70 S.W. 519 (Mo.App. 1902), Parsons v. Hammond Packing Co.
|Citation:||70 S.W. 519, 96 Mo.App. 372|
|Opinion Judge:||SMITH, P. J.|
|Party Name:||EDWARD B. PARSONS, Respondent, v. HAMMOND PACKING CO., Appellant|
|Attorney:||Brown & Dolman for appellant. W. K. Amick and Allen & Mayer for respondent.|
|Case Date:||November 03, 1902|
|Court:||Court of Appeals of Missouri|
Appealed from Buchanan Circuit Court.--Hon. A. M. Woodson, Judge.
(1) "It is well settled that the master may conduct his business in his own way and the employee knowing the hazards of his employment, waives the right to compensation for injuries incidentally resulting therefrom." Bradley v. Railway, 138 Mo. 293; (2) Whatever danger there was, was perfectly evident to Parsons and was a risk assumed by him. Jackson v. Railroad, 104 Mo. 448; Thomas v. Railroad, 109 Mo. 200; Ring v. Railroad, 112 Mo. 220; Junior v. Electric Co., 127 Mo. 79; Lucy v. Oil Co., 127 Mo. 40; Roberts v. Telephone Co., 166 Mo. 378; Hunt v. Kile, 98 F. 49; Dredging Co. v. Walls, 84 F. 428. (3) That the box would slip off if the handles were raised too high, either by the act of Parsons himself or by a jolt in pulling the truck over the doorsill was a matter within the ordinary operation of the laws of gravitation which plaintiff was bound to take notice of and govern himself accordingly. Walsh v. Railway, 27 Minn. 367; Nugent v. Milling Co., 131 Mo. 253; Hill v. Drug Co., 140 Mo. 433; Hook v. Railway, 162 Mo. 567. (4) There is no evidence that the absence of the cleat on the end of the truck was in any way the cause of the injury complained of. The case, therefore, ought not to have been submitted to the jury. Plefka v. Knapp, 145 Mo. 316; Settle v. Railroad, 127 Mo. 336; Hicks v. Railroad, 46 Mo.App. 304; Guffey v. Railroad, 53 Mo.App. 462. (5) The court erred in giving to the jury plaintiff's instruction No. 1. Tabler v. Railroad, 93 Mo. 79; Bowen v. Railroad, 95 Mo. 268; Farrel v. Railroad, 115 Mo. 503; Grattis v. Railroad, 153 Mo. 380; Bohn v. Railroad, 106 Mo. 429.
(1) The risk incident to using the defective truck was not a risk of his employment. Herbert v. Shoe Co., 90 Mo.App. 305; Pauk v. Beef & Pork Co., 159 Mo. 467; Settle v. Railroad, 127 Mo. 336; Blanton v. Dold, 109 Mo. 64; Booth v. Railroad, 76 Mo.App. 516; Smith v. Coal Co., 75 Mo.App. 177. (2) There was substantial evidence showing that the boxes of ice on the truck did slip backwards on the truck because of the jarring over the thresholds; and because there was no cleat they slipped off the truck and unbalanced it and injured plaintiff. Sullivan v. Railroad, 107 Mo. 66; Herdler v. Range Co., 136 Mo. 3; Larson v. Mining Co., 71 Mo.App. 512. (3) Defendant complains of plaintiff's instruction No. 1. This instruction is a fair statement of the law as applicable to the facts in this case. Lewis, Admr., v. Railroad, 59 Mo. 945; Gibson v. Railroad, 46 Mo. 163; O'Mellia v. Railroad, 115 Mo. 205; Muirhead v. Railroad, 19 Mo.App. 634; Gibson v. Railroad, 60 Mo. 160.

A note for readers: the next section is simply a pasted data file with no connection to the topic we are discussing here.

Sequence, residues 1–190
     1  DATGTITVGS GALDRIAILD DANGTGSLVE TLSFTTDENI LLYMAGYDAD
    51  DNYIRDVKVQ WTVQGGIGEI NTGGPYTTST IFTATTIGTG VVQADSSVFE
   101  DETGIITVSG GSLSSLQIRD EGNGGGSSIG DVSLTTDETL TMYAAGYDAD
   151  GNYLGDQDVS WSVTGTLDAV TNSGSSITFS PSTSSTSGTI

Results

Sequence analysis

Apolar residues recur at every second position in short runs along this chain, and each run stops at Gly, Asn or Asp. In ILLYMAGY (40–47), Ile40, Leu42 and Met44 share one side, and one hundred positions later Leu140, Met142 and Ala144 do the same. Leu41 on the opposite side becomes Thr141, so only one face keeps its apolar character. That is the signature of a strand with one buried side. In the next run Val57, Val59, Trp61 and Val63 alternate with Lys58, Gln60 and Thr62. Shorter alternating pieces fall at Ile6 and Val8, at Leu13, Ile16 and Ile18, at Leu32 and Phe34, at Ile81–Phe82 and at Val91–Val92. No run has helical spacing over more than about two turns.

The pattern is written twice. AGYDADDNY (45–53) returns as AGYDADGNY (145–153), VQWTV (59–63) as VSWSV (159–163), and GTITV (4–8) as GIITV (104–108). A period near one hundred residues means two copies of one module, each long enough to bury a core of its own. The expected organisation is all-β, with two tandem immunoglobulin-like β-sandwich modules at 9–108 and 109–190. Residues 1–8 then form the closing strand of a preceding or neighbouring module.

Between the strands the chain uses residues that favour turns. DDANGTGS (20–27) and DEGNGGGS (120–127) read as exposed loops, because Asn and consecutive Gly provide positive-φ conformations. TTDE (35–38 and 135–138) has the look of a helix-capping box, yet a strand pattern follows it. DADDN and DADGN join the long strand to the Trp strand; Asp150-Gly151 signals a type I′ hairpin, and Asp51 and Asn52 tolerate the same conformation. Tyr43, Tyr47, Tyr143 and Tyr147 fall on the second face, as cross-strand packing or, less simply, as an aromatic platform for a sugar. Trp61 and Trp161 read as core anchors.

[96 Mo.App. 374]
--This is an action to recover damages for personal injuries alleged to have been received by plaintiff in consequence of the negligence of the defendant. The substantive facts upon which plaintiff bases his right to recover may be gleaned from the allegations of his petition which are as follows:
". . .
"Second. That plaintiff was in defendant's employ and his duties were to pack ice about pork tenderloins in boxes. That the ice gave out and plaintiff was ordered by defendant's foreman, under whose control he was working, to take a certain truck, which he pointed out to plaintiff, and haul ice. That the truck was from five to seven feet long and two or three feet wide, was supported by two wheels two feet in diameter placed under
the center; at one end was two handles and two legs underneath, just back of the handles to rest the truck on. That said truck was difficult to handle in hauling heavy loads of ice as it was difficult to keep the top of the truck in a horizontal position. That said truck was defective and in bad repair in this, that the piece of wood or iron two or three inches high, and as long as the top of the truck was wide, which was part of said truck and belonged on the top of said truck near the back end thereof and extended crosswise of said truck the full width thereof, and which should have been securely fastened to the [96 Mo.App. 375] top of said truck, was broken off and missing from said truck, so that there was nothing to hold the load in place and keep it from slipping off of the rear end.
"Third. That plaintiff had never been called upon before to haul ice with such a truck, as that was not a part of his duties. That hauling heavy loads of ice was difficult and dangerous work and required experience and skill in that work to do it with safety. Plaintiff had had no experience in that kind of work and was not familiar with the proper construction and operation of such trucks and was unaware of the dangers incident thereto. That plaintiff did not know that the truck was defective and out of repair, but that defendant's foreman had knowledge of that fact.
"Fourth. That in pursuance to the foreman's order the truck was heavily loaded with boxes of ice, about eight hundred pounds, and plaintiff taking hold of the handles started with it. That in the passage there was a threshold strip at a door and on either side of the threshold strip the floor was worn by the constant passage of trucks so that there were holes and depressions in the floor...
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